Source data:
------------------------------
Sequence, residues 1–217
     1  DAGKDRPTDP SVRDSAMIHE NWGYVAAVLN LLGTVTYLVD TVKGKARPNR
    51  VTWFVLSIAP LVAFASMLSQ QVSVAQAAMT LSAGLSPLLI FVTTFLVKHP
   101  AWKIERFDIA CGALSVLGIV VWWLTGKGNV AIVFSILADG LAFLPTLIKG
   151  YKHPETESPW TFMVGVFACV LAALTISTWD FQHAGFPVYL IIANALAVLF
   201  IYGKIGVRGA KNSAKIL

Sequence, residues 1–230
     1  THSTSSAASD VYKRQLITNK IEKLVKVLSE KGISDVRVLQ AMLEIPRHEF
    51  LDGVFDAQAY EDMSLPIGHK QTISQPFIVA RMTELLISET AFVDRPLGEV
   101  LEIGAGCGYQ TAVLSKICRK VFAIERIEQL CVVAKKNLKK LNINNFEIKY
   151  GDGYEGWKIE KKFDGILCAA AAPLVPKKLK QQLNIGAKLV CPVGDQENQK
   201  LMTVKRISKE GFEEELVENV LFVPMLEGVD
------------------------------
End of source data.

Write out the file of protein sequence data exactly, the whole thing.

Sequence, residues 1–217
     1  DAGKDRPTDP SVRDSAMIHE NWGYVAAVLN LLGTVTYLVD TVKGKARPNR
    51  VTWFVLSIAP LVAFASMLSQ QVSVAQAAMT LSAGLSPLLI FVTTFLVKHP
   101  AWKIERFDIA CGALSVLGIV VWWLTGKGNV AIVFSILADG LAFLPTLIKG
   151  YKHPETESPW TFMVGVFACV LAALTISTWD FQHAGFPVYL IIANALAVLF
   201  IYGKIGVRGA KNSAKIL

Sequence, residues 1–230
     1  THSTSSAASD VYKRQLITNK IEKLVKVLSE KGISDVRVLQ AMLEIPRHEF
    51  LDGVFDAQAY EDMSLPIGHK QTISQPFIVA RMTELLISET AFVDRPLGEV
   101  LEIGAGCGYQ TAVLSKICRK VFAIERIEQL CVVAKKNLKK LNINNFEIKY
   151  GDGYEGWKIE KKFDGILCAA AAPLVPKKLK QQLNIGAKLV CPVGDQENQK
   201  LMTVKRISKE GFEEELVENV LFVPMLEGVD